Gary Oldman swept the board this year, winning the Oscar, Golden Globe and BAFTA for his portrayal of Churchill in Darkest Hour. The film also won an Oscar for Best Makeup and Hairstyling. It is a companion piece to Dunkirk, which we showed earlier in the year. It tells of the same events, but from a different perspective: Nolan’s film focuses on the thousands of troops famously stranded on the beaches of Dunkirk during World War II; Wright’s takes place in the dim hallways of power in London, where politicians led by Churchill debate how to rescue them. And while Dunkirk swoops and dances with time, Darkest Hour is a straightforward, day-by-day depiction of world-changing events, told with meticulous simplicity.
During the early days of World War II, with the fall of France imminent, Britain faces its darkest hour as the threat of invasion looms. As the seemingly unstoppable Nazi forces advance, and with the Allied army cornered on the beaches of Dunkirk, the fate of Western Europe hangs on the leadership of the newly-appointed British Prime Minister Winston Churchill. While maneuvering his political rivals, he must confront the ultimate choice: negotiate with Hitler and save the British people at a terrible cost or rally the nation and fight on against incredible odds. Directed by Joe Wright, Darkest Hour is the dramatic and inspiring story of four weeks in 1940 during which Churchill’s courage to lead changed the course of world history.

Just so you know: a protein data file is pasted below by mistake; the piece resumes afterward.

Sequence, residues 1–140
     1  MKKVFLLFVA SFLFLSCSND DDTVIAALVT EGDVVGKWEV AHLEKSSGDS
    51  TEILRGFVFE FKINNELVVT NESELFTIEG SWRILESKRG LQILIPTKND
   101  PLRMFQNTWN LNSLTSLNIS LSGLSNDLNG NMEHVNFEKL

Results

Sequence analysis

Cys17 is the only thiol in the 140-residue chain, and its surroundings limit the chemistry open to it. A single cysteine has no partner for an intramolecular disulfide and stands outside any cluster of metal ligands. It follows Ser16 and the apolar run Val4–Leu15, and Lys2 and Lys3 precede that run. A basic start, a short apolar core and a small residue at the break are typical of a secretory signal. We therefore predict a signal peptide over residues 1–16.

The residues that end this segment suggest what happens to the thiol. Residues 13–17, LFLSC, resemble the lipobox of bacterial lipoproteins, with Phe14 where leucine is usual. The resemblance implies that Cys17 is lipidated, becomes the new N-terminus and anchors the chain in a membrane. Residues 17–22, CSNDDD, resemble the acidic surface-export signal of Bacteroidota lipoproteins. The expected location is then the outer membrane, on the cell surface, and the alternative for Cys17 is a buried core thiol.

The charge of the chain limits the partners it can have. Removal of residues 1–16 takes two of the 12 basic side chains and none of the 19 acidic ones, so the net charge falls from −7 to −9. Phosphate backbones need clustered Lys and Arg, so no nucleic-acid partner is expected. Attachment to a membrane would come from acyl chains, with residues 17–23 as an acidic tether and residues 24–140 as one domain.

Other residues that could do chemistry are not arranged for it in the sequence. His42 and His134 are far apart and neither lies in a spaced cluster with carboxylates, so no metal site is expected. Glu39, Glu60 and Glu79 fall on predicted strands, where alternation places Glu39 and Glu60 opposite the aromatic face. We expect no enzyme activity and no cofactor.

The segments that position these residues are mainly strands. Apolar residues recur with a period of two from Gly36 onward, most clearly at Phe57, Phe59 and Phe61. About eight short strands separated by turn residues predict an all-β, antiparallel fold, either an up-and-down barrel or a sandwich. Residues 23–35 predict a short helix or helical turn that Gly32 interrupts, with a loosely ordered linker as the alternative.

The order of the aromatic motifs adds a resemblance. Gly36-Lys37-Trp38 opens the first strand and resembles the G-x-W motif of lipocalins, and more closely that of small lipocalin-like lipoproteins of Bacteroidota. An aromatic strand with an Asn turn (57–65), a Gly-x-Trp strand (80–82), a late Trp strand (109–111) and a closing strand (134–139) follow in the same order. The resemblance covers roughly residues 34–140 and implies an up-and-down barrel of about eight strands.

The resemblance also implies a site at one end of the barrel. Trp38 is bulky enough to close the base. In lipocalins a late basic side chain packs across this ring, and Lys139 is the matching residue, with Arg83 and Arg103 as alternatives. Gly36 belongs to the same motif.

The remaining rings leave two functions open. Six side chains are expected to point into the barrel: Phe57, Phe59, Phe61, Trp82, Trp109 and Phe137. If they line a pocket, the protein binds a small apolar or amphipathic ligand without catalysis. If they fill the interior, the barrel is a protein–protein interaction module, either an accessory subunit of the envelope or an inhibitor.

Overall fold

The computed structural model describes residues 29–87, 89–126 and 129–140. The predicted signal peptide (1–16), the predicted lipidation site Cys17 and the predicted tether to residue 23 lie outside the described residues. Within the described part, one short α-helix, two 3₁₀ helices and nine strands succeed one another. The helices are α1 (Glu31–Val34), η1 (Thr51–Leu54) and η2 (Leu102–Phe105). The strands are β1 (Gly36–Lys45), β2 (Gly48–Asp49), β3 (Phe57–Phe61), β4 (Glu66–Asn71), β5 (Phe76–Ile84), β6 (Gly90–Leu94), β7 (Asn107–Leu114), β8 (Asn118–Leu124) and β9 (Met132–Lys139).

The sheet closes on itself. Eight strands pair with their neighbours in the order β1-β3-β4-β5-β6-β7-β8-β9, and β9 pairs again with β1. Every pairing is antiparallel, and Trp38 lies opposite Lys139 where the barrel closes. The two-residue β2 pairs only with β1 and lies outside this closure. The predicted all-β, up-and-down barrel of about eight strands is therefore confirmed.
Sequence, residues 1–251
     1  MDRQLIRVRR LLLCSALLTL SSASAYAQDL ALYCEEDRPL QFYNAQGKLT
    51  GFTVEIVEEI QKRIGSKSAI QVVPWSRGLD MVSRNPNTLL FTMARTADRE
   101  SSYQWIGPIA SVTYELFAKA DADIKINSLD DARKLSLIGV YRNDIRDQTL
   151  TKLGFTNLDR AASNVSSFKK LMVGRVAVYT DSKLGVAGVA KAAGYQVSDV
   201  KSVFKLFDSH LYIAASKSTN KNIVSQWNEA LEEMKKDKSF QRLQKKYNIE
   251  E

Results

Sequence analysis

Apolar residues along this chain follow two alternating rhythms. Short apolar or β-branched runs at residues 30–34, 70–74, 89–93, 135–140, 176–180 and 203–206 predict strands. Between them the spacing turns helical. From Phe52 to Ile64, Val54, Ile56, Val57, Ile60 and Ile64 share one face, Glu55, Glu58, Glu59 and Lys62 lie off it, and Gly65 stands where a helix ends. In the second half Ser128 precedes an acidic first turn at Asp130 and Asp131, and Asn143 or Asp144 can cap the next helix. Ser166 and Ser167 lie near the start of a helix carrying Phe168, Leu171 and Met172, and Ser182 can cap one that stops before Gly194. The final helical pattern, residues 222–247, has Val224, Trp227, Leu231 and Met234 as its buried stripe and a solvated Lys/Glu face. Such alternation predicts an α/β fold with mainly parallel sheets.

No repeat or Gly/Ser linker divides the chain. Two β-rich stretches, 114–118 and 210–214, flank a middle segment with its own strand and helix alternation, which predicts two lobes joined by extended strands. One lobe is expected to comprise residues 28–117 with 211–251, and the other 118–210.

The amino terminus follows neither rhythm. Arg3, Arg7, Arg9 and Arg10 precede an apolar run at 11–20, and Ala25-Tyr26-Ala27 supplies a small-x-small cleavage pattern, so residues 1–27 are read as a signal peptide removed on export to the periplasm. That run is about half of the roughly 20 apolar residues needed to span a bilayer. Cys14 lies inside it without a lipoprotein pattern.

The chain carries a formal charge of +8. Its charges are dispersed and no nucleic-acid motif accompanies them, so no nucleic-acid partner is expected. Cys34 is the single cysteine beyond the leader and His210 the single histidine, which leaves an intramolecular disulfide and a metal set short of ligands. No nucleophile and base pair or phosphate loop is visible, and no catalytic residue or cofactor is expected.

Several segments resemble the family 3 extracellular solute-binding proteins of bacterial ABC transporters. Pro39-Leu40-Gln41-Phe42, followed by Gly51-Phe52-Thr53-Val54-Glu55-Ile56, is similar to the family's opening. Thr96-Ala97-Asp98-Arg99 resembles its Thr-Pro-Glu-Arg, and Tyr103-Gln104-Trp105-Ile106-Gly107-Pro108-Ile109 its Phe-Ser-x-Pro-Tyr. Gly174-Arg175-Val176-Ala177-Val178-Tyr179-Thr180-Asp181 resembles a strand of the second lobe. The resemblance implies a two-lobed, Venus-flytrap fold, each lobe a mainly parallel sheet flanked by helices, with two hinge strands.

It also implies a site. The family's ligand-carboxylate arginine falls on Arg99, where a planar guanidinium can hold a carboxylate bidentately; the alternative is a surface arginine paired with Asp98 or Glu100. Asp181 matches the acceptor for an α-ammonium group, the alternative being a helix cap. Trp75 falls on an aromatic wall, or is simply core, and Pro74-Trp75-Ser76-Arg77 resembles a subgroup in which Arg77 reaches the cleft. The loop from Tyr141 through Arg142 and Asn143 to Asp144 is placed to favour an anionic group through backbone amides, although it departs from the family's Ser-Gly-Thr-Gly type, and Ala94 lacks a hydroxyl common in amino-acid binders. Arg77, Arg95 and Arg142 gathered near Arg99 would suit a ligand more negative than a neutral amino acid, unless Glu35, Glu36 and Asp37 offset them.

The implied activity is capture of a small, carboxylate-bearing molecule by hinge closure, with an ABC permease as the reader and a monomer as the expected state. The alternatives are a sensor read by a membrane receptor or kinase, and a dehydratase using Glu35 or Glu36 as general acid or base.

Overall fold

Darkest Hour is a handsome, old-fashioned film, filled with stirring music, dusty light and thoughtful performances — with one whopper of a star turn at its core. Oldman, who offscreen looks not a whit like Churchill, is physically transformed here: prosthetics drown his face in jowls; trousers are pulled high over a protruding belly; his walk is heavy and deliberate, leaning forward, hands clasped behind as if in counterbalance. His overstuffed cushion of a voice, complete with indistinguishable mumbles between words, intones both now-famous speeches (‘We shall fight on the beaches …’) and more prosaic dialogue. (‘How do you manage all this drinking during the day?’ someone asks Churchill, whose day begins with breakfast Scotch-and-soda. ‘Practice,’ the prime minister replies.)
Wright surrounds Oldman with masterful supporting players: Kristin Scott Thomas, who gets only enough time to make you wish that her arch Clemmie Churchill had a movie of her own (somebody please make this movie); Lily James as a wide-eyed young secretary to the prime minister; Ben Mendelsohn’s King George VI, struggling with a speech impediment (which Mendelsohn is careful not to overplay) and with events he cannot control. But this is Oldman’s movie, and it’s a pleasure to watch him disappear into Churchill. If the movie occasionally slips into implausibility — there’s a charming scene involving Churchill on the Tube that’s perhaps too charming — it’s easy to forgive. Darkest Hour is history made drama; a portrait of a leader both larger than life and utterly human.
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Venue: William Loveless Hall